“I don’t want to see transgendered people’s rights violated in any way, but given the transgendered make up only around 0.03 percent of the U.S. population, what about the rights of the other 99.7 percent? Just asking.”
“We have a responsibility as a community to show up for each other and to speak up when someone is in danger. Our transgender community is in danger.”
“While it is absolutely cruel and evil that this law is targeted primarily at the transgender community, what virtually nobody seems to know is that it impacts all of us, by stripping away our rights. “
As a rain cloud darkened the sky above Asheville and the wind assaulted unfurled rainbow flags, a storm of anger from the LGBT and allied communities erupted as a crowd of about 300 protesters convened at the Vance Monument in downtown Asheville late Thursday Afternoon. The outpouring of frustration and dissatisfaction stemmed directly from the passage […]
Fifteen thousand patients visit the Minnie Jones Health Center in downtown Asheville each year. Most of them are low-income residents of the area, often under- or uninsured. More than 200 of them are transgender patients seeking care at the center, which is run by Western North Carolina Community Health Services.
Fresh off a Supreme Court victory for marriage equality, Blue Ridge Pride Festival 15 has even more to celebrate this year, including new participants and a new status for its sponsor.
Asheville Music Hall hosts the 18+ event on Saturday, Oct. 3, at 9 p.m.
Activists who gathered Thursday night, Nov. 20, during the Transgender Day of Remembrance (TdoR) say there is ongoing danger toward transgender people living in Asheville, and it may not be an issue that is on people’s radar. “There is danger for transgender people living in Asheville. I know of transgender women who have faced danger […]
The U.S. Supreme Court responded today, Aug. 20, to the Fourth Circuit Court of Appeals’ decision last month to strike down a same-sex marriage ban by issuing a stay that bars the practice pending further action by the court. The move is a disappointment to equality advocates who hoped that today’s deadline would pass without […]
The 4th Circuit Court of Appeals’ July 28 ruling to strike down Virginia’s ban on same-sex marriage could have implications for North Carolina’s Amendment One, according to the Campaign for Southern Equality.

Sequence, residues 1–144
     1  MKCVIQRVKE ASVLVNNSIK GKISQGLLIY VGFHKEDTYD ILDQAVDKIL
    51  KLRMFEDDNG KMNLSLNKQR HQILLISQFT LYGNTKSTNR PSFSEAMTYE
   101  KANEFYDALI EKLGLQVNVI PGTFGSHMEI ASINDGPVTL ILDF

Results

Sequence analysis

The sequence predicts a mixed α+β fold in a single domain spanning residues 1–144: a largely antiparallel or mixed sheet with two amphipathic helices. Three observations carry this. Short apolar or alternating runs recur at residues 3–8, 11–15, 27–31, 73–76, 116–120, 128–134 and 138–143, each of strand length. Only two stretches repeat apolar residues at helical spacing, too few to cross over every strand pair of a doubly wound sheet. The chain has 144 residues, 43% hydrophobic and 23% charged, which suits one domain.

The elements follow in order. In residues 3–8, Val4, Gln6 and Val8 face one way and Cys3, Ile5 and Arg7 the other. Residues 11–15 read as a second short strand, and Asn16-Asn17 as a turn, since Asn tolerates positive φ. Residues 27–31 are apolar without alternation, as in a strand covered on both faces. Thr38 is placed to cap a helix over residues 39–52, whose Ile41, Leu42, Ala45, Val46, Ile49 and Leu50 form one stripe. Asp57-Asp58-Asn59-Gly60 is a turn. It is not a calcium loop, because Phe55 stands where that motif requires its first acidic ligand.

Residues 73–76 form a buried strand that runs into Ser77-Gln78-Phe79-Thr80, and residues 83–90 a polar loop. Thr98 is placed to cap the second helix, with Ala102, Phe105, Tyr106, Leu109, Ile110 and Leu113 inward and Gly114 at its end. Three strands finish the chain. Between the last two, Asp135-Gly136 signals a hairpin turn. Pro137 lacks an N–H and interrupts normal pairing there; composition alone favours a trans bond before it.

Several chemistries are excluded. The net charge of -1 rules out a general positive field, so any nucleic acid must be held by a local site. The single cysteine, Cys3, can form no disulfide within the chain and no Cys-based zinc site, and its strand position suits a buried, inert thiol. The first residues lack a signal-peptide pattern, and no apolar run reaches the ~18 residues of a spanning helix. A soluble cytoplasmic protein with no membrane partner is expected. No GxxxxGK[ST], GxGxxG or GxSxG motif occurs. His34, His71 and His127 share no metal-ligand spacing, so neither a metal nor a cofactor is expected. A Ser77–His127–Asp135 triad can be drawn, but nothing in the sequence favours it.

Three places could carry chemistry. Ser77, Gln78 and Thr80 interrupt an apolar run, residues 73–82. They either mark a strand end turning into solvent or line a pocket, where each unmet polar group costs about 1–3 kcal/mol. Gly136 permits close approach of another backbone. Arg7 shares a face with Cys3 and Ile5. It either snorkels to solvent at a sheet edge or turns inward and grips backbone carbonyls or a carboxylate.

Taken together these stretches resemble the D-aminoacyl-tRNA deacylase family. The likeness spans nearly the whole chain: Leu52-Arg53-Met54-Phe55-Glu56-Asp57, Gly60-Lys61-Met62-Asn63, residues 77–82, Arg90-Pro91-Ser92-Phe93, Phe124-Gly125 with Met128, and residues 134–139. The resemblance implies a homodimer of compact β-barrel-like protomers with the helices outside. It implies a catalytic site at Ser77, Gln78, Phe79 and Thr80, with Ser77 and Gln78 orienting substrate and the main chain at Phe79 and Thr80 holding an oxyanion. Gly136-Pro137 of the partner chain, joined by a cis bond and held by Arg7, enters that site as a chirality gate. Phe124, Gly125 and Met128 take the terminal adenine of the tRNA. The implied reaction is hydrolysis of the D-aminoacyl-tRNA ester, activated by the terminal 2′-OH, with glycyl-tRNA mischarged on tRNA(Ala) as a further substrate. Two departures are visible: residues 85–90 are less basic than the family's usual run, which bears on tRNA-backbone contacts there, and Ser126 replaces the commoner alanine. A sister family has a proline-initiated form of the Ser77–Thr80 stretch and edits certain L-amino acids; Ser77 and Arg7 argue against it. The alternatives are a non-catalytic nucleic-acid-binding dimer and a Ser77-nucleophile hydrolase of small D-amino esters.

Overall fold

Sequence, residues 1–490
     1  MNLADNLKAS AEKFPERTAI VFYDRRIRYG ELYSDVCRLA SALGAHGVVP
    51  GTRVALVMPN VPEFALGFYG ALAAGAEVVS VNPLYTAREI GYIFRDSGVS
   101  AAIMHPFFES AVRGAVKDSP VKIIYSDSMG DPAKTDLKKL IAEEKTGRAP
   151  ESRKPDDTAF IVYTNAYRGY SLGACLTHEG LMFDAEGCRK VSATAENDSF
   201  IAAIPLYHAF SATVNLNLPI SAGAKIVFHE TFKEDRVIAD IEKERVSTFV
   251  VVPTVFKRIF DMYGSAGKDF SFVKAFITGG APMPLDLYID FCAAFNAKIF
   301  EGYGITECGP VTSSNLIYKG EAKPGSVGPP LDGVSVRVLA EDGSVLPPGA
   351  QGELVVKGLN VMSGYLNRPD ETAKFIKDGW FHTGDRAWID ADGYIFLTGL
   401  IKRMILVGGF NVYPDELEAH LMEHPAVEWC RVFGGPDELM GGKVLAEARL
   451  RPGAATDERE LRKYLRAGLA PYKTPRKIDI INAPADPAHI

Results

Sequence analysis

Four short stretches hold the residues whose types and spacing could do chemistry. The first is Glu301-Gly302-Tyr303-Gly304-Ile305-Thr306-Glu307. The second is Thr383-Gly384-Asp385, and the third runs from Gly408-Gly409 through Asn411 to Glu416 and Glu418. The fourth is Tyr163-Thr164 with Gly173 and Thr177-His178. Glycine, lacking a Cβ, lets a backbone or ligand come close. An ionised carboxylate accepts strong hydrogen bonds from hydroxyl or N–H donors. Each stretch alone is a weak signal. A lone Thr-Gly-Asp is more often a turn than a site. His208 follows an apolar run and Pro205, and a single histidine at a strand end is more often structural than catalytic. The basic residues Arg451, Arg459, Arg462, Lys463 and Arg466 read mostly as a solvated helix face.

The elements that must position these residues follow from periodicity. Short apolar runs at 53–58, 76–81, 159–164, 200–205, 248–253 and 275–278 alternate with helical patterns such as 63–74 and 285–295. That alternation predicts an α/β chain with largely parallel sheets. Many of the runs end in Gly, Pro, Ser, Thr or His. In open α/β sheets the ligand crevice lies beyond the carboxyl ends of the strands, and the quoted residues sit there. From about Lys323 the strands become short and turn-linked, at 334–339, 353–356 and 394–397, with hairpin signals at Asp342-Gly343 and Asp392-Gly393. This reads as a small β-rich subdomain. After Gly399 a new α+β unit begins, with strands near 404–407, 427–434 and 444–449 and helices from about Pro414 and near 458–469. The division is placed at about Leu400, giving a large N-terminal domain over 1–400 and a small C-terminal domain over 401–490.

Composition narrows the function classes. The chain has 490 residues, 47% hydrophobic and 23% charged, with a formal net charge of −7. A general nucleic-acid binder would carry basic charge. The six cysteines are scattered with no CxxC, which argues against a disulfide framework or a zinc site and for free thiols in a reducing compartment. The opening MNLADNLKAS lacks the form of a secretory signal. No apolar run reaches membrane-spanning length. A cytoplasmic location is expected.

This morning a federal challenge to Amendment One was filed in the Western District of North Carolina on behalf of the United Church of Christ (UCC) as a national denomination, clergy from across faith traditions and same-sex couples, according to a press release. The case challenges the constitutionality of marriage laws in North Carolina – including Amendment One – that ban marriage between same-sex couples and make it illegal for clergy to perform wedding ceremonies for same-sex couples within their congregations.
On Oct. 15, Buncombe County Register of Deeds Drew Reisinger became the first in the South to accept same-sex marriage licenses, setting off a torrent of media attention and online commentary.
Today Buncombe County Register of Deeds Drew Reisinger became the first in the South to accept same-sex marriage licenses, as 10 couples requested them as part of an effort organized by the Campaign for Southern Equality. However, Reisinger stopped short of issuing the documents, saying that while he believes the state ban on same-sex marriage is in conflict with the U.S. Constitution, he will first formally request that North Carolina Attorney General Roy Cooper allow the marriages to proceed.
As hopes of a progressive North Carolina crumble into ruin, there is renewed interest in an LGBT community center in the city that, two years ago, a state senator dubbed “the cesspool of sin” because of its domestic-partner registry.
After the highest court in the land ruled the Defense of Marriage Act unconstitutional, the country erupted in either support or protest. Asheville was no exception. Here’s a roundup of local reactions to the Supreme Court decision. (Photo by Caitlin Byrd)
Lesbian, gay, bisexual and transgender (LGBT) employees of Buncombe County gained another safeguard against discrimination after commissioners gave final approval April 16 to add “sexual orientation” and “gender identity” to its list of protected classes.
The Buncombe County Board of Commissioners will vote again on a contentious plan to add language to the county’s personnel ordinance specifically safeguarding workers from discrimination based on sexual orientation and gender identity.
After hearing more than 40 minutes of public comment on the matter, commissioners voted 4-3 to add language that protects Buncombe County workers from harassment based on sexual orientation to the personnel ordinance. Above, Executive Director of the Campaign for Southern Equality Jasmine Beach-Ferrara smiles after speaking in favor of the expansion of the county’s nondiscrimination statement. (Photo by Caitlin Byrd)
Here’s a look at some of what supporters and detractors had to say during a recent public hearing on providing domestic partner benefits to Buncombe County employees.